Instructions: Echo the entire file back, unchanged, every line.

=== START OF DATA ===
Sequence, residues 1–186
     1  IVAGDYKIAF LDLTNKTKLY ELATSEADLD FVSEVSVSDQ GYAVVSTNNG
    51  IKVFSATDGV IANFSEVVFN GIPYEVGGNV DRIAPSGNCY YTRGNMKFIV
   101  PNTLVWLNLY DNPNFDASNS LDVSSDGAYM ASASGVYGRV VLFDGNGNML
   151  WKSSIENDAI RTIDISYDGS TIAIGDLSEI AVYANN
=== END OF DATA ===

Sequence, residues 1–186
     1  IVAGDYKIAF LDLTNKTKLY ELATSEADLD FVSEVSVSDQ GYAVVSTNNG
    51  IKVFSATDGV IANFSEVVFN GIPYEVGGNV DRIAPSGNCY YTRGNMKFIV
   101  PNTLVWLNLY DNPNFDASNS LDVSSDGAYM ASASGVYGRV VLFDGNGNML
   151  WKSSIENDAI RTIDISYDGS TIAIGDLSEI AVYANN